This week I got an email from a friend, Bethany. Bethany is a seriously impressive woman. She is a bright and successful entrepreneur, she’s beautiful, sincere, generous, and has ginormous energy that (honestly) exhausts me.
Bethany told me how sad she was that this new guy she’s dating has apparently dumped her. I say “apparently” because Mr. Man had simply disappeared. No call, no tacky text message. Nothing.
So she’s distraught. She really liked this guy and her feelings are hurt. This sudden end, being one among a few recently, has clearly struck a blow to her self-esteem and her hope for finding love.
As any good girlfriend would do, I called Bethany to show my support. I asked her what it is that she likes about this man. As the story unfolds, as she tells me how well they got along, here’s what I’m hearing: the guy breaks dates, doesn’t call when he says he is going to, and when he finally shows up he arrives late. Great guy indeed. But you know the drill: Bethany is convinced that he’s this great guy.
So I tell her: he’s a jerk! I tell her how sad it makes me that she’s letting herself fall for these types of guys. I tell her that there are so many considerate, interesting, attractive men out there hoping to meet a woman like her. These others—the ones she’s been going for—are simply grownup boys. They are players. They’re not looking for a fabulous woman or any meaningful connection. They’re simply looking for someone to stroke their ego and probably their “little friend.” They’re not necessarily bad men, they’re just not men who could fully participate in a grownup relationship.
Bethany—my beautiful, brilliant, accomplished friend—falls for these guys and falls quickly. Once she does, presto! They can do no wrong. She excuses their bad behavior. She’ll tell me: he canceled our date at the last minute because he had a migraine, he never showed because he had car trouble, he was inattentive because he was tired … blah blah blah. You know the drill. We’ve all been there. And the final blow after being mistreated by these guys: it’s they who ultimately reject us.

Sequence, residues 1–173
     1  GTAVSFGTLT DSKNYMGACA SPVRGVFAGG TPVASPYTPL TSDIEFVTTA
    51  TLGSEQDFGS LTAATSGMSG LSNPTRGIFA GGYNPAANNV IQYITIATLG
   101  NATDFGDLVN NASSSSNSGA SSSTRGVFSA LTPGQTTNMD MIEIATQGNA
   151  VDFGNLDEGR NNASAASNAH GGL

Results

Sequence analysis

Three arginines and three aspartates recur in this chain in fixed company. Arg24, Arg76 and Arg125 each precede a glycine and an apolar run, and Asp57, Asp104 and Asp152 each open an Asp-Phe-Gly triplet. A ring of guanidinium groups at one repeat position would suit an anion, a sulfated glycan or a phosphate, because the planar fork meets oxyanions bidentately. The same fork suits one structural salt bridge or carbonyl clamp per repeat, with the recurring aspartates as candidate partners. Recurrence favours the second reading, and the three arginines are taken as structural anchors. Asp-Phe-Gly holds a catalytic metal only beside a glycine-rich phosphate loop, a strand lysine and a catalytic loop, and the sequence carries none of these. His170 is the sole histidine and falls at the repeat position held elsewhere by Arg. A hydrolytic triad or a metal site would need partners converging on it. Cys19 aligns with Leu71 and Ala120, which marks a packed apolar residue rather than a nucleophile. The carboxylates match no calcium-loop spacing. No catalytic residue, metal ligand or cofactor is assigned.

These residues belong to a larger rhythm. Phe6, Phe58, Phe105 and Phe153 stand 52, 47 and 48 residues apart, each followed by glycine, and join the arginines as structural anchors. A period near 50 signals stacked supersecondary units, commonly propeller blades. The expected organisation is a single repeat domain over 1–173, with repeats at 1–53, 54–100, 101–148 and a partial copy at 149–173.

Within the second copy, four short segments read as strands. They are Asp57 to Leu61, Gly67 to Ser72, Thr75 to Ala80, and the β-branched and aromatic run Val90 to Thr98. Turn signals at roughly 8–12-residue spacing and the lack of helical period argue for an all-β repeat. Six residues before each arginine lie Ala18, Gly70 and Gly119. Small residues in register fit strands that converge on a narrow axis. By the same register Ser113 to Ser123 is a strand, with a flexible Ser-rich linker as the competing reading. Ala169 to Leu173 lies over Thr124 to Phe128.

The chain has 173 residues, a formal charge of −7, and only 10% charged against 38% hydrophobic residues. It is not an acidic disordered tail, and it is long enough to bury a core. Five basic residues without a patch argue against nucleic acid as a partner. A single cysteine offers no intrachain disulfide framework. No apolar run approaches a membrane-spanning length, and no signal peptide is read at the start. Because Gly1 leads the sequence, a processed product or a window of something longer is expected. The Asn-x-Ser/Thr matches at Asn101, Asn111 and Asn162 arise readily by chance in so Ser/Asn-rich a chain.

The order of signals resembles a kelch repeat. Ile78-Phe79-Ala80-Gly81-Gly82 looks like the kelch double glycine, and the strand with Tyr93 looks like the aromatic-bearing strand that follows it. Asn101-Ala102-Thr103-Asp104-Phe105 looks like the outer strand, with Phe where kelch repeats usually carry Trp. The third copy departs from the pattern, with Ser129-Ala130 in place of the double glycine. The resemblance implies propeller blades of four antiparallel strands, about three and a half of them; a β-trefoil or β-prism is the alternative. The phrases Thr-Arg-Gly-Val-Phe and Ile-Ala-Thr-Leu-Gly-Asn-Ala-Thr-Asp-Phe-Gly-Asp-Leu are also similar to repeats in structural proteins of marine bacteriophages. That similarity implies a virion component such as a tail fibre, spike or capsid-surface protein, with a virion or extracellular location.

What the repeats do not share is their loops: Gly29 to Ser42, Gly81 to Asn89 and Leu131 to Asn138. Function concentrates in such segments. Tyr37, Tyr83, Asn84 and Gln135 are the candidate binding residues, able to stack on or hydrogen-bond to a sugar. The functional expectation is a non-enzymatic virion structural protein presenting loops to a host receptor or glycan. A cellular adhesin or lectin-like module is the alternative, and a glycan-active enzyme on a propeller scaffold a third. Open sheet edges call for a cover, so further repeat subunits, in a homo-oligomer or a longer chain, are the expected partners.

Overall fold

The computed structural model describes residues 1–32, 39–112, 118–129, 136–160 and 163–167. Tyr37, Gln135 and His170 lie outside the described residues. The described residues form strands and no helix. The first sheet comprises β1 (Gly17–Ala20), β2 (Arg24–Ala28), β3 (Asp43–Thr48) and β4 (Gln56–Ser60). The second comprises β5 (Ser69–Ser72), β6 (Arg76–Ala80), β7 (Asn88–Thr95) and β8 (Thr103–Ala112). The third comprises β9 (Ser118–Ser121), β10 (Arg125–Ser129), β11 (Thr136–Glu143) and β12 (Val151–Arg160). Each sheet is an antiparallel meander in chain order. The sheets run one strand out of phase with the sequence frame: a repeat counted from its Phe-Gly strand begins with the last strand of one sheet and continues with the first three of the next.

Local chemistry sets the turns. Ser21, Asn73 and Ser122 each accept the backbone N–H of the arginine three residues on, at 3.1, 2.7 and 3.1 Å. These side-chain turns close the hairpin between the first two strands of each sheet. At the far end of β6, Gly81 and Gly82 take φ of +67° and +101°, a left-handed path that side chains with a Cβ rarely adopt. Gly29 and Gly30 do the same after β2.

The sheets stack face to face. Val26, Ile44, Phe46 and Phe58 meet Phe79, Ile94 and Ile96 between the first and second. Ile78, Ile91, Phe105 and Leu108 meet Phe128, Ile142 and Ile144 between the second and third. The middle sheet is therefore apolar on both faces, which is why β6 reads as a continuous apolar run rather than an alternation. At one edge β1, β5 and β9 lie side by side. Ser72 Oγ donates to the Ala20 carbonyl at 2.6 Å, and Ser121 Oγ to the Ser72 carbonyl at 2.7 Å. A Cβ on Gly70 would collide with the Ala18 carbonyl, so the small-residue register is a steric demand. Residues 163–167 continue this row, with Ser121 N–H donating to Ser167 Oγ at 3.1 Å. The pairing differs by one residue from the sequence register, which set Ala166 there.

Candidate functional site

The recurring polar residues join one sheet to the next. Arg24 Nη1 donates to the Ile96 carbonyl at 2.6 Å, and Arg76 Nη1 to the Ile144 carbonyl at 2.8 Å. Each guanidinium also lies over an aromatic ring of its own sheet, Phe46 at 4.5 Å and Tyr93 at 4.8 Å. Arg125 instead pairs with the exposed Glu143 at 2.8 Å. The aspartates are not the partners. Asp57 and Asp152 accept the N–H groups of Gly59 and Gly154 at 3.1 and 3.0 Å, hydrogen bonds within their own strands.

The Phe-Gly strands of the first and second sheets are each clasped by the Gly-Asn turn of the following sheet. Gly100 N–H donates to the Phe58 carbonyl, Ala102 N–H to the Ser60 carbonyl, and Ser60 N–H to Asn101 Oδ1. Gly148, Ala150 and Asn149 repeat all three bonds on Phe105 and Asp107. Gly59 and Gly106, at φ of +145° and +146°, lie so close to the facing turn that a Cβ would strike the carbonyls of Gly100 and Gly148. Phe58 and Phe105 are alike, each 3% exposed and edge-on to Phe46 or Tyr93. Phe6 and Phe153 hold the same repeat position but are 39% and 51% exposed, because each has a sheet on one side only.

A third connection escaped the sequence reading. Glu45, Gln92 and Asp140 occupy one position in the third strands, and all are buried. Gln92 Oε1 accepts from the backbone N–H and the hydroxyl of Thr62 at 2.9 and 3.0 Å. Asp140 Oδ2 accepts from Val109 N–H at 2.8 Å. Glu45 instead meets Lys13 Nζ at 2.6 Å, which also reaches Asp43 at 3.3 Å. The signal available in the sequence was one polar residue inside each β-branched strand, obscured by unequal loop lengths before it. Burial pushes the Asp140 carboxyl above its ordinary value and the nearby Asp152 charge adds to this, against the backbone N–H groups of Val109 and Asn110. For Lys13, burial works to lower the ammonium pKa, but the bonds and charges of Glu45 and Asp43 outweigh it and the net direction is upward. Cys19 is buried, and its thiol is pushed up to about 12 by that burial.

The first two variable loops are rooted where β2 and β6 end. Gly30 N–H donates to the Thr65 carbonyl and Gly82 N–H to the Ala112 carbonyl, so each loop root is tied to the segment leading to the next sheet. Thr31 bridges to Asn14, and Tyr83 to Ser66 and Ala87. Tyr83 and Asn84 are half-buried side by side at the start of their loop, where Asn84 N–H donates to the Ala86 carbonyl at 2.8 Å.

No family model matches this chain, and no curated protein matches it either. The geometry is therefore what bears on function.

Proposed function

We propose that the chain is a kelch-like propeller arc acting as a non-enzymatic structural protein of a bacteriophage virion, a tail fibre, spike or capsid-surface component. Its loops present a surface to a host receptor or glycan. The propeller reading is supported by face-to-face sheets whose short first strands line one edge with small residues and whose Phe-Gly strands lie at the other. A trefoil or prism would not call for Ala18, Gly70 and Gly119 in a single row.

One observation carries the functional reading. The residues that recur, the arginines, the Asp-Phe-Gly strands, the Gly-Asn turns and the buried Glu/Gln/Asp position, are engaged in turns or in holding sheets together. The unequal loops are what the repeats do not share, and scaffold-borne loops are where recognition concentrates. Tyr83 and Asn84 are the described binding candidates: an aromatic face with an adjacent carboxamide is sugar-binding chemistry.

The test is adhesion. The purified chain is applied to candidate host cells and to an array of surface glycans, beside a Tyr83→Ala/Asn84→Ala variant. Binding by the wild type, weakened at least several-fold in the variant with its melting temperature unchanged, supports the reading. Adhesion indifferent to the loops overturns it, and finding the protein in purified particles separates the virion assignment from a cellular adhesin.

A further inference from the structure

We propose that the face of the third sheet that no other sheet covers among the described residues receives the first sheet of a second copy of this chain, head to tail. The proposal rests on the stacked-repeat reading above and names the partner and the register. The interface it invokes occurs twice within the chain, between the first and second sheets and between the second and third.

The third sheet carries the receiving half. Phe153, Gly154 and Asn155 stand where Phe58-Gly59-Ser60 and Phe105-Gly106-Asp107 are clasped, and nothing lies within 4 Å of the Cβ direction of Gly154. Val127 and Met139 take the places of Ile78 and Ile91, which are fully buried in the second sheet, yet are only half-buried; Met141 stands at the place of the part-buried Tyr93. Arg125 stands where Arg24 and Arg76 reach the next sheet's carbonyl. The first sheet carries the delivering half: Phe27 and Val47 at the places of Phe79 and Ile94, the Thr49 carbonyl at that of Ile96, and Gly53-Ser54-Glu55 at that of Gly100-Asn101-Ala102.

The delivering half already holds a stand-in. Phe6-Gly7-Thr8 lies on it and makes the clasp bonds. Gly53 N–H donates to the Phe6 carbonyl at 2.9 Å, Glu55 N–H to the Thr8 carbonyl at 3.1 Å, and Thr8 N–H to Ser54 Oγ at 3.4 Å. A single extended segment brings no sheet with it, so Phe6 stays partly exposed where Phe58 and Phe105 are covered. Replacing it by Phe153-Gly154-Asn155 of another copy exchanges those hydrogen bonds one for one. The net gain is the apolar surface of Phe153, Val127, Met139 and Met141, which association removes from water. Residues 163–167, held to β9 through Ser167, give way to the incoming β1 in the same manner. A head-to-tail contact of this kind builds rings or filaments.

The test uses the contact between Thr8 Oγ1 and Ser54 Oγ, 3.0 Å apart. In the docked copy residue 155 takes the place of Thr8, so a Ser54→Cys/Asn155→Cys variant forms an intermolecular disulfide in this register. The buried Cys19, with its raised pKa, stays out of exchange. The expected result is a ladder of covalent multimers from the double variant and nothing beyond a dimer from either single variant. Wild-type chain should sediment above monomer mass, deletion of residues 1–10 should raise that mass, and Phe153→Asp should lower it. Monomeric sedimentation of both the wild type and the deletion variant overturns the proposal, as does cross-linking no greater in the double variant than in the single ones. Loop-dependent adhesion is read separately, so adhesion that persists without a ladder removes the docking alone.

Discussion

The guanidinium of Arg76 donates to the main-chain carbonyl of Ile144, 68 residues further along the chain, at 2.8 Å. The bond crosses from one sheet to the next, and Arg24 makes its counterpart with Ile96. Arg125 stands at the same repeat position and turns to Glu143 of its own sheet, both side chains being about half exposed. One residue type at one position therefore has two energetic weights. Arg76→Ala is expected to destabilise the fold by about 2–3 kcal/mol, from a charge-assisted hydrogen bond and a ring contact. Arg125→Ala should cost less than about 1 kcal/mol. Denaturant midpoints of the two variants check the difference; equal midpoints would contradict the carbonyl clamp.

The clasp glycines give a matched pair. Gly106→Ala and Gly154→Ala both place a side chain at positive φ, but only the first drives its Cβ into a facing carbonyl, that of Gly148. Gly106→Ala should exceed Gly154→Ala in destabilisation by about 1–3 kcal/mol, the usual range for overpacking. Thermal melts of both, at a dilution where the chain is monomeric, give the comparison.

I see this too often with the women I know and coach. Happens when we’re dating at thirty, forty, fifty and beyond; we all do it at some point in our lives. Some of us are still doing it. It’s a trap that worthy, smart, beautiful women fall into. I certainly did it over and over myself until I healed and felt worthy enough to say “no” until I found the man of my dreams.
You probably already know this is all tied up with self-esteem issues. We know that, and we know we need to work on it. I’m not going to belabor that here. (Yet I will be giving you some great exercises to do for this in the near future.)
What I do want to tell you is why we need to thank these men who disappoint and reject us. Yep, I want you to start thanking them. Knowing how to do this may not solve your ultimate issue of falling for the wrong men, but it sure will help you feel better until you do.
Next time I’ll (not so proudly) share my story of the years I spent loving a man who could never have made me happy. He knew it long before I did. And I thank him every day of my new, spectacular life.